There’s also the ole Higue, who feasts on human blood. It is said that an ole Higue is an elderly woman who lives openly during the day as a harmless, quiet person, but at night removes her skin, places it in a calabash, and travels across the sky as a ball of fire until she reaches her victim. In the past, some Guyanese have allegedly seen such balls of fire in the sky, and firmly believed those balls to be sightings of the ole Higue. One way to keep her away? Leaving a large amount of rice grains in front of your house will force the ole Higue, said to be miserly, to count each grain in her hands until the pile gets so large, the grains slide through her fingers, and she must recount, tiring her until she gives up. Similar to the old Higue is a “Fire Rass,” supposedly a woman who was killed in childbirth and feeds only on the blood of babies.

There are many other jumbees such as the Massacooramaan, a giant hairy man-like creature who lives in Guyana’s rivers, known to turn small boats over and feast on humans who travel on the boats. There’s the Canaima, allegedly an Amerindian witch doctor who can transform into a Jaguar. There’s the Moongazer, a very tall man who emerges to stare at the full moon.

Jumbees are also reminiscent of the Caribbean’s colonial roots. Arguably the scariest jumbee to some Guyanese is the “Dutchman Jumbee.” Legend has it that during the 1500’s the Dutch used to murder slaves in Guyana and bury them alongside their treasures so the slaves could guard those treasures. Dutchman Jumbee aren’t the murdered slaves, but rather the Dutchman who perpetrated the killings. Their supposed ghosts linger in Guyana, even if they ultimately died in another part of the world. There are some trees in Guyana said to be “Dutchman trees.” If a person climbs one of these trees, axes it etc., it is said that the Dutchman jumbee will cause them to fall and break their neck or spine, or inflict terrible bad karma upon them.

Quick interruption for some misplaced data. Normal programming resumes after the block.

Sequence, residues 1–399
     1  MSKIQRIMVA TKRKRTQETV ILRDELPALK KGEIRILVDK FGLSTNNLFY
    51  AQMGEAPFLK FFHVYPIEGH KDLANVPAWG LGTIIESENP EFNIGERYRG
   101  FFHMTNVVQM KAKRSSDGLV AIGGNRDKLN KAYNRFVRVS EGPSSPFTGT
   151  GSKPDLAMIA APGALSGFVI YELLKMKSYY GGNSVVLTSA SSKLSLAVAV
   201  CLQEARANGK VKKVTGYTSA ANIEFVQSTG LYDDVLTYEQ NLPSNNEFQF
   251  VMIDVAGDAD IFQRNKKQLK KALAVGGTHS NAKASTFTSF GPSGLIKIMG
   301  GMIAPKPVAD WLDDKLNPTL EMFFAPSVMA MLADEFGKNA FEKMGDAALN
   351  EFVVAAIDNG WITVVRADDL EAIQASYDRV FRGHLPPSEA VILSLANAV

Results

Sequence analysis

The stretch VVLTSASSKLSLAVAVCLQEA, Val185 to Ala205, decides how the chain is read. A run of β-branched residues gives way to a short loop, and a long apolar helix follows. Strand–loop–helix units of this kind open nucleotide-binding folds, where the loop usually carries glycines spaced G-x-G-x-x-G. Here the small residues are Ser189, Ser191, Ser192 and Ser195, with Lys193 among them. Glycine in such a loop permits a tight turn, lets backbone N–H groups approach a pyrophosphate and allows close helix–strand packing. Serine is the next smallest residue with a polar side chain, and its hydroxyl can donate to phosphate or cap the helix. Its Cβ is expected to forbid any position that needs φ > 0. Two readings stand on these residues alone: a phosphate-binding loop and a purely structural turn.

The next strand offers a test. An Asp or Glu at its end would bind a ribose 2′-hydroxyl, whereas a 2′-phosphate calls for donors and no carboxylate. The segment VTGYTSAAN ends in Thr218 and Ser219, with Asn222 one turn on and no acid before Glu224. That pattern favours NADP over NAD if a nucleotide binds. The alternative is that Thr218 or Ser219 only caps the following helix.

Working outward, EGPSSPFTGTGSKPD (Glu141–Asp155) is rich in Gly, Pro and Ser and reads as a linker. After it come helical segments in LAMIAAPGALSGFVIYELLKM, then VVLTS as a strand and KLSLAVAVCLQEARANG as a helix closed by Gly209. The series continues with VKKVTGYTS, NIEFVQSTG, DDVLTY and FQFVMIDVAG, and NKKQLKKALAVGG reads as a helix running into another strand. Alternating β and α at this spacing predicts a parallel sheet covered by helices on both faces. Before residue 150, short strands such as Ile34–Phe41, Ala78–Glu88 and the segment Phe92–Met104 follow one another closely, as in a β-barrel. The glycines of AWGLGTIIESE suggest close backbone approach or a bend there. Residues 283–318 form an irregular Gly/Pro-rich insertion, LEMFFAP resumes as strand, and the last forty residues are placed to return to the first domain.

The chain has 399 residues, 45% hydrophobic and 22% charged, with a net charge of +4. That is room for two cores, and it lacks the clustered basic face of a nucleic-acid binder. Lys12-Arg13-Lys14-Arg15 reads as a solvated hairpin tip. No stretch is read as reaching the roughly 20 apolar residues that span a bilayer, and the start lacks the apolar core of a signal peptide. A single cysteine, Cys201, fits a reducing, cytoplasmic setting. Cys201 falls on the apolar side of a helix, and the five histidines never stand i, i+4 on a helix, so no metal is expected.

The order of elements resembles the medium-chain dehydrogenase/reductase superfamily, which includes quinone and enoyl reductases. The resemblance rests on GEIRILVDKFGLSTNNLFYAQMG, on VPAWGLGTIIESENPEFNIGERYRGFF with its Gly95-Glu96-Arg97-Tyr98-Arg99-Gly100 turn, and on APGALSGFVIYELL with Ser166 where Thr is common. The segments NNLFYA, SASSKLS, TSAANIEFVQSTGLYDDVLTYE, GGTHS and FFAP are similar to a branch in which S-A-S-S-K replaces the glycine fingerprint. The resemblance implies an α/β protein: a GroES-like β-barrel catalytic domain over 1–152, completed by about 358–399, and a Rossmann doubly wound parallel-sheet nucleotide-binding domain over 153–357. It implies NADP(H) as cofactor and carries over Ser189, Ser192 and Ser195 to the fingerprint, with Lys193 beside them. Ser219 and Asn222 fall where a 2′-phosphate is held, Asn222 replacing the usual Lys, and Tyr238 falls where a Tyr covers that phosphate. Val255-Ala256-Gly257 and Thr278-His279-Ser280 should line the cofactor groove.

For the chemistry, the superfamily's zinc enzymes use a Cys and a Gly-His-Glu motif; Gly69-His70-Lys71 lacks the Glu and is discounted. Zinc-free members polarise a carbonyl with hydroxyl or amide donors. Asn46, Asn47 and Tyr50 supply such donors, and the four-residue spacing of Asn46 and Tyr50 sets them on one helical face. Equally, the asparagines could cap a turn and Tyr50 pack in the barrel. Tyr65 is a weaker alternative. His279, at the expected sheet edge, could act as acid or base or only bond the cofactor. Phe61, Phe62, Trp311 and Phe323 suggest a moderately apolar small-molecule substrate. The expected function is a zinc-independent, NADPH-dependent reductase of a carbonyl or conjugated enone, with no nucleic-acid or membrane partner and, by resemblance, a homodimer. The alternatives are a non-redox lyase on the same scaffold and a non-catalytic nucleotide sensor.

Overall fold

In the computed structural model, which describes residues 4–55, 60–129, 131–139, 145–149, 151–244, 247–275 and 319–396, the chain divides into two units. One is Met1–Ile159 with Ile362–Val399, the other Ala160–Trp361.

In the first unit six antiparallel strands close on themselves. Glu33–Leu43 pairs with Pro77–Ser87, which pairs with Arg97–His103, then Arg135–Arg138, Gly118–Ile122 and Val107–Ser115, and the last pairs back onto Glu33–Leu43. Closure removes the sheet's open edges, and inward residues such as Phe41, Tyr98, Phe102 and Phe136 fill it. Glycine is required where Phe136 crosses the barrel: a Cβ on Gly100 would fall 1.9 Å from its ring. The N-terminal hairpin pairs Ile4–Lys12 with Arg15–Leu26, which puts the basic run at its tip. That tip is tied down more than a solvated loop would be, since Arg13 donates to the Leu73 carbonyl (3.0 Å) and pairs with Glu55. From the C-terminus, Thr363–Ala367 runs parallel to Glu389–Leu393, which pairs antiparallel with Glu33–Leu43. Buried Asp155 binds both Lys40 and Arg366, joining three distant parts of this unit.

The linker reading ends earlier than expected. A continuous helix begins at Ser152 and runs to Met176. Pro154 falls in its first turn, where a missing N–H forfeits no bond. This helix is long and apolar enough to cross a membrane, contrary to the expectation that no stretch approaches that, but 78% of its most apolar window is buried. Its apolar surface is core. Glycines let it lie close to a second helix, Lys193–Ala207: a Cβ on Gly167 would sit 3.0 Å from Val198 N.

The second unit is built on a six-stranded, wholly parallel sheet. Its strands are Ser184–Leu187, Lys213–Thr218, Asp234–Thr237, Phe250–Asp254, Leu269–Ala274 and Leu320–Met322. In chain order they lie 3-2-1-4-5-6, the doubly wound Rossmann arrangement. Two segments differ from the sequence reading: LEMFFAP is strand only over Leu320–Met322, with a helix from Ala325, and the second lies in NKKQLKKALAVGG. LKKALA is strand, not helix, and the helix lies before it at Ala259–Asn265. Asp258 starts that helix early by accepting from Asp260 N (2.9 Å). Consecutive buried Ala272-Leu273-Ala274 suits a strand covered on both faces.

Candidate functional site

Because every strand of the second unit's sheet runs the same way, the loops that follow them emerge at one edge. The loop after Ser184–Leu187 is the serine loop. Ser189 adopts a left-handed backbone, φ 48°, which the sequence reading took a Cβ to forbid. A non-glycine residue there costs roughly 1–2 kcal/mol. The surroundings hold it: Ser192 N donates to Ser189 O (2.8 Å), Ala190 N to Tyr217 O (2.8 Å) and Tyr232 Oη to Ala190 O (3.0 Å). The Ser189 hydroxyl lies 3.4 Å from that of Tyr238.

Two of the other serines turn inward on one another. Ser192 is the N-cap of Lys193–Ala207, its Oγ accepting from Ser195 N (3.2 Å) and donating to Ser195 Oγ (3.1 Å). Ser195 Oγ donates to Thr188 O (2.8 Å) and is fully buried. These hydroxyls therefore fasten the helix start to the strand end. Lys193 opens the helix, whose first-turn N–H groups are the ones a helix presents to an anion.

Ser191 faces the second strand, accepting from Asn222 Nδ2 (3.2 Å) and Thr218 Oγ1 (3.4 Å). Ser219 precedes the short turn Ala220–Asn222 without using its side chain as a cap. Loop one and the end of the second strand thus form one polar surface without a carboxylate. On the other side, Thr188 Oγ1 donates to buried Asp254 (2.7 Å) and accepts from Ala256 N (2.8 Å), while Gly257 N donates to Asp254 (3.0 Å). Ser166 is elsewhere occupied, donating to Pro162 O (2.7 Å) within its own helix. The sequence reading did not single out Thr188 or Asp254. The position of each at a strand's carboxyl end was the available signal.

Not all Jumbees are evil, though most are. In Trinidad, there is the “Moko Jumbee” a colorful benevolent version of the Jumbee that stands on stilts as a dancer, particularly during the carnival season. These Jumbees are considered healers, and god-like. They originate from the West African tradition that was brought to Trinidad.

While our foreparents may not have taken their children to the store to pick out costumes, or place gravestones and ghouls in their front yard, they had their share of fun scaring each other with Jumbee stories. This week, as we celebrate Halloween in New York City, we can also fondly invoke our heritage.

Reference: Rustom Seegopaul, “A Study into Jumbies.”
Kaieteur News (2008)

How To Celebrate Halloween in Richmond Hill/South Ozone Park, Queens:

Several events commemorating Halloween are happening around town. On Friday, October 26th, Vijah Ramjattan hosted a Halloween Costume Bash at Liberty Palace and Roopesh Ramjit, alongside other community members, organized a Halloween Spooktacular at Rockaway Hall. The 4th Annual Jumbie (a Caribbean LGBTQ Halloween Party) will be held on Saturday, October 27th from 10pm – 4am at Impulse Lounge on 129-04 Liberty Avenue. If you have kids, take them trick or treating on Wednesday, October 31. Be sure they’re supervised at all times. Troublemakers are known to make mischief, but that should not take away from your Halloween experience!

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The views expressed in this article are those of the writer and do not necessarily represent the position or policy of the THE WEST INDIAN.